“It also means that the material is delivered in a slower and more methodical kind of way, as we stretch out the learning over 40 weeks.”

The other significant difference is that every discipline subject is paired with a matching work-integrated learning component.

Built into that component is a scaffolded development over the two years of personal, professional and practice skills.

We’ve designed it in such a way that in the first year you think about the ‘me’, and in the second year it’s about the ‘we’ - how do I work with others, how do I work in teams. But all of that learning is integrated into the work-integrated learning experience.

“We developed about 13 or 14 different ways in which you have a work-based experience.  It could be in a studio, it could be in a lab, it could be a simulation experience, it could be a field trip, it could be an industry visit where you get to meet and interview the owners, or it could be an internship.”

The level of complexity increases as the student finds his or her feet, Professor Allison explains. 

“You start off with the simpler experiences and then across the two years of the course we increase the complexity of the work-based learning or the work-integrated learning, so that you grow into it and you grow your skills.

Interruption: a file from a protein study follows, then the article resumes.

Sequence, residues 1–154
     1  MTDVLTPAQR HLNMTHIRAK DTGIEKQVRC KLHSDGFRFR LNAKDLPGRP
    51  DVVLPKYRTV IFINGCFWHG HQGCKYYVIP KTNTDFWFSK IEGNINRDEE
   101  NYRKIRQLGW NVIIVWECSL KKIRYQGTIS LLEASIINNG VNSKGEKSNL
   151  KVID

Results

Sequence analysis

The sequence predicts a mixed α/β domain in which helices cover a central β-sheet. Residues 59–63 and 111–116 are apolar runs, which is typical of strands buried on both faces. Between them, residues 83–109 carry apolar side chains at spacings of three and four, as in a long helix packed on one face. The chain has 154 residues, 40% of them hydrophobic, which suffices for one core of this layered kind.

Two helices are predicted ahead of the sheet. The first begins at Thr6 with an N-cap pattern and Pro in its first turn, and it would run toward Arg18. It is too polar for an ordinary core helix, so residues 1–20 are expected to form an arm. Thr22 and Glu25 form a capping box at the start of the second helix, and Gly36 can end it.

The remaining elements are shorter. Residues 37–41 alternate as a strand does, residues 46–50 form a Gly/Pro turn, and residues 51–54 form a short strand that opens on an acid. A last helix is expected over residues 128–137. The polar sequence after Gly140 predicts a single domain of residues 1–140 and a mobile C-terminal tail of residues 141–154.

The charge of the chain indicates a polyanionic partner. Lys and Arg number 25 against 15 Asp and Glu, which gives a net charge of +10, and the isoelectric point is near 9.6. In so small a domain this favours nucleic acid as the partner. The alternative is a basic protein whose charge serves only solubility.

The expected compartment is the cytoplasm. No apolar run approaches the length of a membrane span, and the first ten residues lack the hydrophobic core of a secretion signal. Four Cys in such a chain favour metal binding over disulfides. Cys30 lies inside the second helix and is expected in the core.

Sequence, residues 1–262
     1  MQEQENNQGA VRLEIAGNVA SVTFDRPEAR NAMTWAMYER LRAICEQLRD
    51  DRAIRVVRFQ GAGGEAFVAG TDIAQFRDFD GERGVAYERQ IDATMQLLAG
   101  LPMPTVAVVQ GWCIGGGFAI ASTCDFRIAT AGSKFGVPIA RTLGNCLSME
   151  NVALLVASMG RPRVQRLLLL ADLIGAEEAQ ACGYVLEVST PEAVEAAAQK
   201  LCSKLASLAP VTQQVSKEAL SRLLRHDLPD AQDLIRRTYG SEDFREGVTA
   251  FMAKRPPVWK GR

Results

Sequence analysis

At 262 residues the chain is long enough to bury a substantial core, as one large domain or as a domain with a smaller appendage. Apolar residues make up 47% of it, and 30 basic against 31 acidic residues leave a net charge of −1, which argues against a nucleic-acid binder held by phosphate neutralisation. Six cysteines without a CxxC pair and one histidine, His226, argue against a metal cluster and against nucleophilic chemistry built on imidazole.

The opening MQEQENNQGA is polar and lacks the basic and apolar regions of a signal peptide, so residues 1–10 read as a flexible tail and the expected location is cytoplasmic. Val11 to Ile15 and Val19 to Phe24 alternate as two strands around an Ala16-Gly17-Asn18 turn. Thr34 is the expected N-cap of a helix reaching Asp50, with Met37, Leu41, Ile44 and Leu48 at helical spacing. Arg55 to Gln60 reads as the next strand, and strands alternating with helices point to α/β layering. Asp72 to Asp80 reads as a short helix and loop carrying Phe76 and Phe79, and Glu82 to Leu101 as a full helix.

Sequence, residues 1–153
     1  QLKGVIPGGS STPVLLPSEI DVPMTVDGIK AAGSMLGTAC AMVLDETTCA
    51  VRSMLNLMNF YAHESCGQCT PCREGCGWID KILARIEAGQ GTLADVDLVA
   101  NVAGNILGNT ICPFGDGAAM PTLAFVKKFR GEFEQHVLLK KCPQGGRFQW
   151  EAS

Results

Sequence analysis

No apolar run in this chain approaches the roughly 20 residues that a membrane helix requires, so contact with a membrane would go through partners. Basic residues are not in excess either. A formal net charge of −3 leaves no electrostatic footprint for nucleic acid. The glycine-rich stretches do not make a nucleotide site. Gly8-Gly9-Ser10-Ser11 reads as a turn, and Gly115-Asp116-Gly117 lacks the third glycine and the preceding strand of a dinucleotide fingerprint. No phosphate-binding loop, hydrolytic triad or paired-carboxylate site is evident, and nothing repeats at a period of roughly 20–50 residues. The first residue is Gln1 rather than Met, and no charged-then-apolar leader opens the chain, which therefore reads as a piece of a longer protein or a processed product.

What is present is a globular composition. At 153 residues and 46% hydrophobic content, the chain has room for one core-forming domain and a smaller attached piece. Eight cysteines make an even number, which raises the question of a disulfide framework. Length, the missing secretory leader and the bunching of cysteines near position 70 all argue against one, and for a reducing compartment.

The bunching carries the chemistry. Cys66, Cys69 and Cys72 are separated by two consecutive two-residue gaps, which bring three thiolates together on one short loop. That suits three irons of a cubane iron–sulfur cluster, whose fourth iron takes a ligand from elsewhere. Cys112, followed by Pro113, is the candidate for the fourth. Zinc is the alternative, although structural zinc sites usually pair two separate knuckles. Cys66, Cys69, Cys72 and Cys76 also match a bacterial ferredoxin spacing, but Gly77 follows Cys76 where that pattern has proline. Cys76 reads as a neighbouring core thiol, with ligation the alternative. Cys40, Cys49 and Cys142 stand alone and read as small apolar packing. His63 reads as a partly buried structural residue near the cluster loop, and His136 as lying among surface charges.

You get the experience of the workplace, you get the experience of the knowledge being applied, and you get the experience of actually starting to develop your profile or your portfolio.

Professor Allison is keen to emphasise that there will be not compromise on quality.

“All of the regulations around quality and quality assurance apply to the Associate Degree program so people should not feel that it’s dumbed down, and they should not feel that it’s not a quality qualification.

”It has been a fantastic experience working with the Chair of the Academic Senate, Professor Di Nicol, and the Deputy Vice-Chancellor (Students and Education), Professor David Sadler, to ensure that we have a first-class product.”

This story features in the University's latest Open To Talent magazine. See the whole issue online here.